To complete the project two pieces of software was produced. The first was for the microprocessor. This software would take the next available byte from the Serial Input Buffer and use this as a `goal’ position.

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It then checked to see if the motor was currently moving and if not, calculated the direction the motor would need to go in order to get to the goal position as quickly as possible. The appropriate pins to control the motor were then raised HIGH; PWM was used to be able to speed control the motor (this proved useful as each Furby had its own `sweet spot’).

To know what position the Furby’s cam was currently in and if it had reached its goal position, an interrupt handler was attached to the optoencoder. When the encoder’s interrupt fired, it would first check to see if the home button was currently being pressed (if so the camPosition would now be 0) and if it wasn’t, then the interrupt would check what direction the motor was currently travelling in and either decrement or increment the position variable. As this variable was a byte, we had 256 possible positions (0-255), however as previously described, the Furby’s camshaft system only has 200 per full rotation (0-199). Therefore, this interrupt also checked to see whether it should wrap around when incrementing or decrementing. Outside of this interrupt, if the Furby’s motor was currently moving, the software would be in a `while loop’; until the goal position was equal to the actual position of the cam, at this point the motor would then stop by using braking from the H-Bridge.

The second piece of software was for the computer to control multiple Furbies (to create the singing effect). This was written in JAVA and simply played an audio file of Queen’s ‘Bohemian Rhapsody’.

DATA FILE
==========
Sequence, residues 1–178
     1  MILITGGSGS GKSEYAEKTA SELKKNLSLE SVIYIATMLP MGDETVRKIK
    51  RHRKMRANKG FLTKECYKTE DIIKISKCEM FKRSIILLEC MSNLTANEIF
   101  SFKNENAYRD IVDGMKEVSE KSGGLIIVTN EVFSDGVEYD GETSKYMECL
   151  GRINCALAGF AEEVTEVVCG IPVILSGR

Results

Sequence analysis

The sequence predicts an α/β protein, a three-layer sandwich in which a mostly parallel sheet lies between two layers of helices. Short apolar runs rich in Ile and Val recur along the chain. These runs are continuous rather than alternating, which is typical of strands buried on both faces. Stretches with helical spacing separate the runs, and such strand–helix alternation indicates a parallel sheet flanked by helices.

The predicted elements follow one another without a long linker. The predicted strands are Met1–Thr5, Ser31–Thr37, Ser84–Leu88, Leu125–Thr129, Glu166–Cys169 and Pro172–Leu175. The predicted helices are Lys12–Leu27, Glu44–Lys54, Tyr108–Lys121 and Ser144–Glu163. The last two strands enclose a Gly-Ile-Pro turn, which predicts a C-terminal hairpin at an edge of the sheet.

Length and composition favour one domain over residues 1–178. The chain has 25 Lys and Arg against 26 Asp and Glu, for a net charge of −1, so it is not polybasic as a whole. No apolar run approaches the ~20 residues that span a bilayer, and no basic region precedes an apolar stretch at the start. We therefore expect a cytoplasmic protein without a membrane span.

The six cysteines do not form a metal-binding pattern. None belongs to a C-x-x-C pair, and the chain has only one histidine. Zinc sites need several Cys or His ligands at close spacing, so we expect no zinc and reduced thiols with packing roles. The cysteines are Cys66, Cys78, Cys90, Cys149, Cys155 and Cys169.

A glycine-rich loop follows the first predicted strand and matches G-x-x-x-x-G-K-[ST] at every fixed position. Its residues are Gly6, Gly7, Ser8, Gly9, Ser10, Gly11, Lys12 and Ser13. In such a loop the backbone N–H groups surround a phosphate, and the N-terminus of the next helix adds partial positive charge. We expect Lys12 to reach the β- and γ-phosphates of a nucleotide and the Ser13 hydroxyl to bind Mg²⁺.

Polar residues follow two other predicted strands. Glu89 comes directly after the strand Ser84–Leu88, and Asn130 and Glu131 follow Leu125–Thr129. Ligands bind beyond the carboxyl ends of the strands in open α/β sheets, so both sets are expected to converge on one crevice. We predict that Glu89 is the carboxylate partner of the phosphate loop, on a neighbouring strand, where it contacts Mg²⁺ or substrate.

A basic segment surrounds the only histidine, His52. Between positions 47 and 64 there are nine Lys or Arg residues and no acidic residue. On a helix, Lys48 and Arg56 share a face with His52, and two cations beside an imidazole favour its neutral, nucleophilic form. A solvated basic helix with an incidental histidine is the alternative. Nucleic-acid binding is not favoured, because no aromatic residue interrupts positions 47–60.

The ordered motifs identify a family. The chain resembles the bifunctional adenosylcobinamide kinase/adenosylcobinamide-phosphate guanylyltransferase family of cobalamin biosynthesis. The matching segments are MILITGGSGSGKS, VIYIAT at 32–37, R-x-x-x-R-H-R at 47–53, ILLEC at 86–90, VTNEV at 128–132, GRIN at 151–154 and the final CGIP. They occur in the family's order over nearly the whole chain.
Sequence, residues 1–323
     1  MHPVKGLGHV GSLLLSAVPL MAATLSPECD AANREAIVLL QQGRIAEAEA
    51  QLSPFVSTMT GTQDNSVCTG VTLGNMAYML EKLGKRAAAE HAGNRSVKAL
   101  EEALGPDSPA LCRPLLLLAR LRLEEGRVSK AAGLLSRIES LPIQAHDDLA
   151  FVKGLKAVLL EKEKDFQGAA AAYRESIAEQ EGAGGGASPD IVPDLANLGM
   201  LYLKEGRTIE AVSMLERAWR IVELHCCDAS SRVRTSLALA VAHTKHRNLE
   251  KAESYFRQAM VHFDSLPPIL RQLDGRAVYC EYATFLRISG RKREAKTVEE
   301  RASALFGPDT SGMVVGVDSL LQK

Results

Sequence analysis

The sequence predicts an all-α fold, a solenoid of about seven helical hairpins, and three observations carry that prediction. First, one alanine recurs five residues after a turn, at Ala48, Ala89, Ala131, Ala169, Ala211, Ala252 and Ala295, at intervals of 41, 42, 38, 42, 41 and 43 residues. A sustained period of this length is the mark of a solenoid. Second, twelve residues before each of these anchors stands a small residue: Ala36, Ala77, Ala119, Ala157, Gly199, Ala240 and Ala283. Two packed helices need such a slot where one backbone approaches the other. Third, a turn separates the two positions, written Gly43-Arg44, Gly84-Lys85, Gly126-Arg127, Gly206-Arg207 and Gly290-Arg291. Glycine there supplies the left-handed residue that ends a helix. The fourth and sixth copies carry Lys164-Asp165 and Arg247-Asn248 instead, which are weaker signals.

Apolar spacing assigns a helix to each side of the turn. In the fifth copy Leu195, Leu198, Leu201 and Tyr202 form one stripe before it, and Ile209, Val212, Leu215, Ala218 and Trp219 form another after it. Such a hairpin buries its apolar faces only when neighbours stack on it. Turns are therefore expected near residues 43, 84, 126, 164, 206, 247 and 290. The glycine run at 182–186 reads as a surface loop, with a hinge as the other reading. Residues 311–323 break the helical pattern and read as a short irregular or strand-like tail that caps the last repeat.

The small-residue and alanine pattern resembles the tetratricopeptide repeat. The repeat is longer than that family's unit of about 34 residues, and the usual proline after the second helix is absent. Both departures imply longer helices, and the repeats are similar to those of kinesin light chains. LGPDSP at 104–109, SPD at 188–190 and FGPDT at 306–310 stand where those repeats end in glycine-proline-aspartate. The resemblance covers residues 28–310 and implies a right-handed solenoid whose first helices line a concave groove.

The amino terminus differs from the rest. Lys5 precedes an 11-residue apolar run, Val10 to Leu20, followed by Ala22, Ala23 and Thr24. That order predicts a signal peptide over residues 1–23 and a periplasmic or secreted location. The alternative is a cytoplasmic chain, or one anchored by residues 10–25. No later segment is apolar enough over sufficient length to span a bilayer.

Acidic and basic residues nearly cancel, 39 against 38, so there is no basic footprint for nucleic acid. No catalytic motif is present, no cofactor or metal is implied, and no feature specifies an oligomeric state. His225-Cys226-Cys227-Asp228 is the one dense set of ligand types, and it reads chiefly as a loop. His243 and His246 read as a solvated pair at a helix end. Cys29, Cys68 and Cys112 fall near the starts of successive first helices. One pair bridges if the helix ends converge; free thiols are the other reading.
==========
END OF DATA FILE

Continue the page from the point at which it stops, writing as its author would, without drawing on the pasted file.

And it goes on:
A CSV file containing a large amount of millisecond time points with goal positions for each Furby was produced. This was imported into a queue in the JAVA program and a thread would check to see if the current audio file time matched another time-point in the file; if so, this byte was sent down the serial line (for the appropriate Furby) by the RXTX library and the Furby then performed the action.

Because of the number of Furby’s in use, a reliable 5V power source was required to not only drive all the Furby’s, but to also provide us with an indication that they are running well. A digital power supply was used for this. This was easily able to keep up with the varying current draw of the Furby choir.

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With all these pieces in place, the set of Furbies were able to sing their ballad (repeatedly) at the yearly ‘Fresher’s Faire’. Some of the Furby’s suffered malfunction after several hours of running, but we have yet to have the spare time to use the oscilloscope to identify what is failing (possibly the ATmega328 and the H-Bridge should be better protected and likely fails after heavy use).

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We believe this project was a great success. In the next few weeks, the society will be using this equipment heavily again so that each member can build a headphone tube amp.

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Download Code

Here’s our code. It’s all Licenced as GPL3.

[1] A small animatronic hamster/owl that was popular in 1999.

[2] The electronics drawers had many spare.